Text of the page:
Former gubernatorial candidate and all-around smart guy Alan Caron once wrote in these pages that Maine has six distinct seasons, all of which are exactly two months long.

He was writing about July and August, high summer, which is easy to recognize when you are in the middle of it. But I’ve found that the other ones follow the same two-month rule, beginning and ending right on schedule.

One of them, September and October, probably my favorite, just ended.

Now we enter the next set, November and December, a season whose distinguishing feature is our abandonment by the sun.

Here are some things that are on my mind as the darkness takes over.


Now that Elizabeth Warren has delivered her plan to pay for Medicare for all, can we stop talking about it so much?

No president, no matter how popular, can pass a law on her own, especially not one that creates such a far-reaching entitlement program. Even if the Democrats keep the House, take the Senate and eliminate the filibuster, health care reform won’t pass as presented on the campaign trail.

In the end it will probably need the support of someone like Sen. Joe Manchin of West Virginia, who says he might just vote for Trump next year if the Democratic nominee is too far to the left.

The finer points of health care financing should take a back seat to electing the kind of majority that could actually implement the idea.

That’s what the Democrats should be debating.


Tuesday is Election Day, which means it’s your opportunity to vote for a $105 million transportation bond.

If it sounds familiar, it is. This is the fifth year in a row where we have been given this privilege, and based on the state of our roads and bridges, it will be hard to say no.

But borrowing to keep up with routine repair work is not normally considered sound fiscal management. It’s been a long time since the highway budget was self-supporting, funded by the gas tax paid by users. The tax used to be indexed to inflation, but that ended in 2011, when Republicans took control of the state government.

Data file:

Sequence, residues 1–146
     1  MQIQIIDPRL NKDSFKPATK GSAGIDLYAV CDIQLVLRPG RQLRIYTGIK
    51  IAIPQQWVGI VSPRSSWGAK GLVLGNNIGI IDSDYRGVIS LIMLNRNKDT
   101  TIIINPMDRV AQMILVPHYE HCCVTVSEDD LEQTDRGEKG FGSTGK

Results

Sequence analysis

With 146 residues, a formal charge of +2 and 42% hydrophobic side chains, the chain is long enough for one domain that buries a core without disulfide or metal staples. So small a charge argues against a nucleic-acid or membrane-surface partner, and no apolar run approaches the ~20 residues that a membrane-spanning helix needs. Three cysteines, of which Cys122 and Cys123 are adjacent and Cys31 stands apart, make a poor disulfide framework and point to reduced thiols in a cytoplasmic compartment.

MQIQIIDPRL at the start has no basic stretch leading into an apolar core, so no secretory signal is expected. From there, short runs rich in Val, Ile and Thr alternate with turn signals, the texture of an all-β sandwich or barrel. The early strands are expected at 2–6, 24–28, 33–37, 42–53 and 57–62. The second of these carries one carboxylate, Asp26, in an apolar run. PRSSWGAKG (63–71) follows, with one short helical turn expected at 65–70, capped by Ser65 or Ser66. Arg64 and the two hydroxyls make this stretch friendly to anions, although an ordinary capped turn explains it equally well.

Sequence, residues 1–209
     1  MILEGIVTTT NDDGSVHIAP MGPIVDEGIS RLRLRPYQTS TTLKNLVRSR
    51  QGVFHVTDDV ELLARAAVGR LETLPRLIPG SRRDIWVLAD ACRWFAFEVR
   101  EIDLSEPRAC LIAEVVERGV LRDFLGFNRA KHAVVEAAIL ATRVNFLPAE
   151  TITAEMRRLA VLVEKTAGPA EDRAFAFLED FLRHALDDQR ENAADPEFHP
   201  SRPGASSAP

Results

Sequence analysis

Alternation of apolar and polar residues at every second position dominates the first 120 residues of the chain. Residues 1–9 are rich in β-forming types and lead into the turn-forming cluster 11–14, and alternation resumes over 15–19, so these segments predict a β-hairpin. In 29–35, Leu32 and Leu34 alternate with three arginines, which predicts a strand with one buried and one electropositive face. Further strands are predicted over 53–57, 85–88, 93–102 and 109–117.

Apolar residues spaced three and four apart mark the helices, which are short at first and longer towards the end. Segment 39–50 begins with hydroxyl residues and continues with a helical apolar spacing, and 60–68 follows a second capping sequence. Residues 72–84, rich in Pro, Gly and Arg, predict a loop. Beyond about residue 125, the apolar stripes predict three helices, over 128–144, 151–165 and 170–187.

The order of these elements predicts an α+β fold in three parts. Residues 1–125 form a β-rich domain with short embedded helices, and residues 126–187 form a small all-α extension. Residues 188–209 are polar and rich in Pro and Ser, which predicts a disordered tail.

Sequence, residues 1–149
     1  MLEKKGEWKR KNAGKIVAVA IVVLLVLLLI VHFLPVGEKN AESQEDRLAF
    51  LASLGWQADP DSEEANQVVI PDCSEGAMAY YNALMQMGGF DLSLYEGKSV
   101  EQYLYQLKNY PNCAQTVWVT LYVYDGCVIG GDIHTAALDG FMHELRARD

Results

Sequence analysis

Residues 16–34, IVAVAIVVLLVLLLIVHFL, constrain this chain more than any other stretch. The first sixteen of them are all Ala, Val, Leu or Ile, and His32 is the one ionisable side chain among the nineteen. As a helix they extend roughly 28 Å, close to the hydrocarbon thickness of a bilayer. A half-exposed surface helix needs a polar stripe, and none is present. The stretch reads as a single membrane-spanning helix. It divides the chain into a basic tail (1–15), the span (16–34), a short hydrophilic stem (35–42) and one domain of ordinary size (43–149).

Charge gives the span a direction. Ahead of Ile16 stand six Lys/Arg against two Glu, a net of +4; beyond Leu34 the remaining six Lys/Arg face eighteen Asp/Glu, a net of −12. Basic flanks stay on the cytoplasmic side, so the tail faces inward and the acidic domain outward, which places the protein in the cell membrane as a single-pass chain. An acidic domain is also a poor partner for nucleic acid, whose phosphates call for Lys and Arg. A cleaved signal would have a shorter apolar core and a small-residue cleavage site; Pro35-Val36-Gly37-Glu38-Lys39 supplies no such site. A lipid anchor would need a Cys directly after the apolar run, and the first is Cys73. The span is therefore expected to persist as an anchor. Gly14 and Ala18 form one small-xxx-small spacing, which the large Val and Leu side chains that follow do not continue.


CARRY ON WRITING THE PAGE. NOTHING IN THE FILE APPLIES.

And the funds get more scarce as vehicles become more efficient and more electric cars and trucks take to the road without using any gas or paying gas tax.

A commission is currently meeting to recommend changes to the way we pay for our roads. Until then, we will be asked to keep borrowing to feed our road habit,


There was some suspense in Washington this week, as a vote on the impeachment process rules came up in the House. Where would Maine’s 2nd District congressman Jared Golden come down?

There shouldn’t have been. This was not a vote to remove Donald Trump from office. It was not even a vote to approve articles of impeachment.

The House was just formalizing rules for an investigation into serious charges, for which we have already seen substantial evidence. Golden sensibly voted yes.

State Republicans pounced on him, declaring him to be the latest member of ultra-progressive House caucus known as“The Squad,” promising to use his vote against him in the next election.

Golden is in a tight spot politically. He narrowly won his seat in a district Trump won by 10 percentage points in 2016.

But as the parade of military and foreign services professionals testify about how the president and his personal lawyer tried to pressure a foreign government into interfering with the next election, Golden’s vote won’t look so risky.

If a political party is not willing to even look into charges like that, it can’t be taken seriously.


Portland has been using ranked-choice voting in its mayoral elections for eight years, but some people still don’t understand how it works.

“Bullet voting,” or marking just one name on your ballot, will not give your favorite candidate any advantage.

Expressing a second or third choice does not weaken your support for your No. 1, because your ballot will remain in your favorite’s column as long as he or she is still in the race.

Don’t overthink it, folks.

Do you care who wins if your candidate can’t? Then mark it down.

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